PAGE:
“When on August 6th, 1945, the American bomber crew was about to take off for Japan with its lethal cargo, official America, in the person of an air force chaplain, affirmed its adherence to European Christian civilisation by using Euro-Christian-speak to address a hybrid God of the Old and New Testaments in the following words: ‘Almighty Father, who wilt hear the prayer of them that love thee, we pray thee to be with those who brave the heights of thy heaven and who carry the battle to our enemies...’
“Subsequent to that formally blessed massacre, the nuclear bombing of Nagasaki took place on August 9th. While the meaning of the two massacres was still sinking in among the American people, public calls were made for president Harry S Truman to repent.
“The most forceful of those came in March 1946 from the US federal council of churches in a report signed by 22 Protestant religious leaders. ‘We would begin,’ they stated, ‘with an act of contrition’ and continued: ‘As American Christians we are deeply penitent for the irresponsible use already made of the atomic bomb.’
“The church leaders spoke on the common understanding that America was a Christian nation within western Christian civilisation and that within that comity of nations the Christian church determined what was morally right or wrong. Truman did not respond. The American failure to repent was the above mentioned non-event.”
How, as you see it, did western civilisation decline from there?
“US Supreme Court judgments made compulsory Christian prayer and Bible-reading unlawful in state schools. Professors and students marched on New York and Washington streets with posters decrying the DWEMs – dead white European male philosophers and writers.
“As, through the ’60s and following decades, production of atomic and hydrogen bombs proceeded, official America paid heed to a group of intellectuals who called themselves left-liberals and who saw society as a godless collection of individuals rather than, as was previously the norm, a Christian community of communities.
“Official America’s embrace of ‘liberalism’ offered a parallel to the Russian state in 1917 drawing on the writings of Marxist-Leninist intellectuals to shape a godless, collectivist state policy. Later during the Cold War the Soviet Union propagated this ideology throughout occupied eastern Europe. America, with the aid of compliant mass media, propagated its godless individualistic liberalism throughout the West. Concomitantly, Christianity, which had provided the mind-and-will bonding force of western civilisation ceased to be lived or practised by governments and most people in America and, led by it, in western Europe.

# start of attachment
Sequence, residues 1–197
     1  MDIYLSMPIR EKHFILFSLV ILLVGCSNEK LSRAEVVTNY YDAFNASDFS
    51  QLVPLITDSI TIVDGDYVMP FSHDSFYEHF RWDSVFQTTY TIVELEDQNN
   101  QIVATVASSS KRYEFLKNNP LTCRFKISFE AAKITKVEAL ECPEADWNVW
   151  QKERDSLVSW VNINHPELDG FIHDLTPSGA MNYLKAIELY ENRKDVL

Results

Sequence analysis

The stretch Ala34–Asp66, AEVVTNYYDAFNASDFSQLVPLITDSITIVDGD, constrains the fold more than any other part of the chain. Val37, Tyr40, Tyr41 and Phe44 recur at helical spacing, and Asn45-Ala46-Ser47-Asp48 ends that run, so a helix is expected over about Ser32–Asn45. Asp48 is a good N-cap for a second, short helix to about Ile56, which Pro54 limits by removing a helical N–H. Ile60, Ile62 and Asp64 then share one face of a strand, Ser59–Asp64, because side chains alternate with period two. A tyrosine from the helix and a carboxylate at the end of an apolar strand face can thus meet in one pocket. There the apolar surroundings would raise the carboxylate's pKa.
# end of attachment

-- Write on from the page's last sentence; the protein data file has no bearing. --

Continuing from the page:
“Here in the Republic of Ireland conforming legislation was passed. And the media practised conformity in detail, avoiding overt displays of Christianity. And recently a two-thirds majority in this predominantly Catholic country voted for the inclusion of abortion in the rights of citizens.”
What you’re talking about, though, is for many a necessary and welcome upheaval. Do you regard this civilisational change as good or bad?
“It is good to know where we are in history; I am simply pointing that out.”
Where do you see things going from here?
“The French Revolution wanted to end European civilisation but failed, Marxist-Leninist communism had the same aim but was anticipated by America’s leading the West into the intercivilisational situation in which the West now finds itself.
“After the fall of Roman civilisation in the West, European civilisation restored its Christianity and in continental western Europe its civil law. But a successor civilisation is not inevitably, even partly, a continuation of its predecessor.
“Michel Houellebecq in his novel Submission has dared to predict a Muslim future for France. And on present showing, a post-European civilisation, if it came about within 50 years or so, would be likely to have Islam as its principal religion in western Europe.
“At the opposite extreme of possibility is Chinese civilisation, which has seemed always to succeed itself in essentials regardless of the political regime. In short, the possibilities for us, or perhaps for our children’s children, are many.”